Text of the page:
Under the glare of bond rating agencies and banks, Scranton, Pa., Mayor Chris Doherty submitted a $130.2 million budget that would close a $20 million gap largely by raising property taxes nearly 50%, plus steep hikes in parking rates and fines, and garbage collection fees.
Doherty, about to leave office after 12 years as mayor, submitted the fiscal 2014 spending plan late Friday, a week after Moody's Investors Service said Scranton, which it does not rate, could default. Moody's said that without a balanced budget, Janney Montgomery Scott and Amalgamated Bank might withdraw planned debt financings.
"The 2014 budget continues to call for an aggressive approach to current revenues," said Doherty, who will yield mayor's office to city tax collector and fellow Democrat Bill Courtright on Jan. 1. He didn't seek another term. Doherty's budget proposal includes $16 million for a tax anticipation note issuance.
According to Doherty, increased current refuse fees should bring the city an additional $2.2 million, while further revenue enhancements such as increasing the rental registration fee will bring in an extra $300,000.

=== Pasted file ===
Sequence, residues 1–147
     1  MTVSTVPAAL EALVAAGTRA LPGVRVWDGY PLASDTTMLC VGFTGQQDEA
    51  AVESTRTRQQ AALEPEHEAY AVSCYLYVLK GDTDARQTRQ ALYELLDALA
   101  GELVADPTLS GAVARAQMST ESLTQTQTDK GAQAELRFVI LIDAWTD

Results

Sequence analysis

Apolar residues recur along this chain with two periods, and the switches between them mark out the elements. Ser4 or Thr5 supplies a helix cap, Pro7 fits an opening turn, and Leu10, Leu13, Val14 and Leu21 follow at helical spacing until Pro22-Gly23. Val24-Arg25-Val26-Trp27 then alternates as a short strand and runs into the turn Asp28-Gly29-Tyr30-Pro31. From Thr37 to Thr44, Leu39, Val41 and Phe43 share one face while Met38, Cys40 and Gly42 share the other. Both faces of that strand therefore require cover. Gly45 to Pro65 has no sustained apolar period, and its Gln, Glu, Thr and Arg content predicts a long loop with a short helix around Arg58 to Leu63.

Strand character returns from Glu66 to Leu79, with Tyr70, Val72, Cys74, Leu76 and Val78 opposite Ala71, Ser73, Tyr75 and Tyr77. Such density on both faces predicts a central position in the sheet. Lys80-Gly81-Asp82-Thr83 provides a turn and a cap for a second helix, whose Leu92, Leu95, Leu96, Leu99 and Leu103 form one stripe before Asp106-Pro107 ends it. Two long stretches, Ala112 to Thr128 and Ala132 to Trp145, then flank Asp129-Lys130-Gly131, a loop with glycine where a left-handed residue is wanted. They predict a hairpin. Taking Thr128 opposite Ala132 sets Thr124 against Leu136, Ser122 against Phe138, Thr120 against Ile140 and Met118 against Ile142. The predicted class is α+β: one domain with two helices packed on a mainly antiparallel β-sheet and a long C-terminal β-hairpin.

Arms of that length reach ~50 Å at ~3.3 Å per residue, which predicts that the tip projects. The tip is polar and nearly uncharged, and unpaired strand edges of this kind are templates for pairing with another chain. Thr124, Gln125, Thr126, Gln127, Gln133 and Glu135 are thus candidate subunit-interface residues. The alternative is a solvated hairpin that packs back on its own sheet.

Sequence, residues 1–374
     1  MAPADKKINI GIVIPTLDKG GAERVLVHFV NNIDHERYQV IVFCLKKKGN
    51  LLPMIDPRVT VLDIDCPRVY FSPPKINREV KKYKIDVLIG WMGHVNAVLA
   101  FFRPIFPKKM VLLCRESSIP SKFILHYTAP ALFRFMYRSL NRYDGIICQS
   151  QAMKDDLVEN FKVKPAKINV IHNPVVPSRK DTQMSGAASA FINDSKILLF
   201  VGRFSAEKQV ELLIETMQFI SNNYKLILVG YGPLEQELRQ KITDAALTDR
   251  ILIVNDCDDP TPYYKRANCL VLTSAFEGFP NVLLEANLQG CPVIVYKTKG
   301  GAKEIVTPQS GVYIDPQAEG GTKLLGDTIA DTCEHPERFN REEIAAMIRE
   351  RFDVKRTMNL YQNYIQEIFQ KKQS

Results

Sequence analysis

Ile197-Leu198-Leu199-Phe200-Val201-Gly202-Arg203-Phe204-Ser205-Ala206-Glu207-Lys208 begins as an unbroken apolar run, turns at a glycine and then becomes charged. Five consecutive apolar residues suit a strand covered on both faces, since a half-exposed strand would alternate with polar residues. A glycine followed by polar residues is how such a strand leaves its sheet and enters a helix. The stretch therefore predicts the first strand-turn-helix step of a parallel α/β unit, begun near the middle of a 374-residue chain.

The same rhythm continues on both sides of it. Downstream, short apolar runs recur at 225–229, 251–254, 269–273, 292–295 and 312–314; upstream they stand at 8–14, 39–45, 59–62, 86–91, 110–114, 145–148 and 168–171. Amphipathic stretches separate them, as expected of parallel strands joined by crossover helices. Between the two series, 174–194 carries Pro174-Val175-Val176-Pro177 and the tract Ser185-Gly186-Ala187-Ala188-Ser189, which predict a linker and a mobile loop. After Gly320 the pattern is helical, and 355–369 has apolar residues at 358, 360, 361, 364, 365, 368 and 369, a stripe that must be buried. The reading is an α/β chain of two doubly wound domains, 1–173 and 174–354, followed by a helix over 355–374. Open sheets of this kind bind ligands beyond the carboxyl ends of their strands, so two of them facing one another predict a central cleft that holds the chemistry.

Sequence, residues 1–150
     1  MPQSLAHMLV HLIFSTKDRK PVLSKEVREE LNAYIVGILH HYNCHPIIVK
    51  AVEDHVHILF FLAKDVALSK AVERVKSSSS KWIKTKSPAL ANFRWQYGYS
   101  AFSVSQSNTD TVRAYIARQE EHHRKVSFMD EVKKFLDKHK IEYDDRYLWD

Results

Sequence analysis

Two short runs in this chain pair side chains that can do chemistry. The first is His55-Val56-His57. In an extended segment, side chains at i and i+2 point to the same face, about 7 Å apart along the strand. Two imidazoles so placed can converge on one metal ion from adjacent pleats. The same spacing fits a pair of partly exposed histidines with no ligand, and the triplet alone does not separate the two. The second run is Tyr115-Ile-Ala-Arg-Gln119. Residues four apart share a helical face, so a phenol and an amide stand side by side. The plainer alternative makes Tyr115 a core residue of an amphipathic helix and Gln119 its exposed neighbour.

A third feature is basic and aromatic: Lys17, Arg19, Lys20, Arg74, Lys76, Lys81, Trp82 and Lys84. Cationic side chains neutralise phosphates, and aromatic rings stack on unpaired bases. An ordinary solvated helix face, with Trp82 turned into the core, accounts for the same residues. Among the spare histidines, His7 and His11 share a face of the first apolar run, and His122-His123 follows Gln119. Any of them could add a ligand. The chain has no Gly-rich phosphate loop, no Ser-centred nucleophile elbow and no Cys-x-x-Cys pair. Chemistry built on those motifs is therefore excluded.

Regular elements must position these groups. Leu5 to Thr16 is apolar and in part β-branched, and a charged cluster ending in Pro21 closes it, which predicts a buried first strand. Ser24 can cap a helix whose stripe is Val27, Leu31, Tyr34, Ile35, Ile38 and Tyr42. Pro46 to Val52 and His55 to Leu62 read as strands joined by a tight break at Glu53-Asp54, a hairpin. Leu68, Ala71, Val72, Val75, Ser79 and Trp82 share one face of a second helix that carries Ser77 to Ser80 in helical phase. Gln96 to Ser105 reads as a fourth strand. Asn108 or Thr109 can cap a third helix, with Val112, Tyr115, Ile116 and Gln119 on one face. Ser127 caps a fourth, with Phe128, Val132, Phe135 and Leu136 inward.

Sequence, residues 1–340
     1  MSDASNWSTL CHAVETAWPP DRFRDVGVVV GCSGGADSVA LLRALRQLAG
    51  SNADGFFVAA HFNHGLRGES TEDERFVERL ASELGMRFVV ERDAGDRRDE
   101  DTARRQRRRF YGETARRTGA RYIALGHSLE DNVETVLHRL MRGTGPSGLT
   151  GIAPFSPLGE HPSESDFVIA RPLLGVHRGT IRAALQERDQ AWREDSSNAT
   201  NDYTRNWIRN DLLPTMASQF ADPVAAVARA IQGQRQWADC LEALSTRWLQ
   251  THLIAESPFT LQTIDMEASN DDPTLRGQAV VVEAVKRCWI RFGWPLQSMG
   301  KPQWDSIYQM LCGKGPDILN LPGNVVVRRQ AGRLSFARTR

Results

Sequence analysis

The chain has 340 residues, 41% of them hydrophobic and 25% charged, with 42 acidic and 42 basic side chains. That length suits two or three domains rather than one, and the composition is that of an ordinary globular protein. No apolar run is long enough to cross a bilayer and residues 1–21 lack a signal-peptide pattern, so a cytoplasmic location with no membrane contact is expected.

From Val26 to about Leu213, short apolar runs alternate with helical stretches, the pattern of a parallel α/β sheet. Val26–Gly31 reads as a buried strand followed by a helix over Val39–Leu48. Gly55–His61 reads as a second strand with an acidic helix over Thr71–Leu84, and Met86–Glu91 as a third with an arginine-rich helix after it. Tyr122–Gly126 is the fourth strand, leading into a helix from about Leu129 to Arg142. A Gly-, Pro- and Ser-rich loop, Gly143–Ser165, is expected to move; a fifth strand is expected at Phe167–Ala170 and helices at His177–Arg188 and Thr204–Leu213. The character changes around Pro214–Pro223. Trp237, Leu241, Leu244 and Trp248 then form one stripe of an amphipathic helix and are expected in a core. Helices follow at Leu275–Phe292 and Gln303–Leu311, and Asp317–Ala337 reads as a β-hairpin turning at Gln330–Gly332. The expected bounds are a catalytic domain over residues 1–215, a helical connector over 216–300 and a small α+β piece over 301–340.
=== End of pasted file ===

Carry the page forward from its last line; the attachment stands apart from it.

Scranton, the 76,000-population seat of Lackawanna County, needs roughly $28 million to satisfy an arbitration court award for back pay to police officers and firefighter unions, and fund required increased payments to the pension system. A state court ruled in 2011 that the city could not use its distressed status under the Act 47 workout program to lower pension payments.
The five-member City Council, whose relationship with Doherty has often been contentious, must approve the budget. The council intends to debate the budget at its Dec. 5 meeting.
Scranton has struggled to access banks for funding over the past 18 months. In summer 2012, the city paid municipal workers the federal minimum wage for two weeks. The capital markets at the time had shut off Scranton after the City Council forced a parking authority default by temporarily withholding a $1 million bond payment.
According to Moody's, Scranton has $195 million of long-term debt outstanding, including direct obligations, city-guaranteed debts of component units and $15 million of state loans. Of the $195 million, $16 million bears interest at a variable rate, while the remainder is fixed rate. Scranton also typically issues $14.5 million of tax and revenue anticipation notes annually.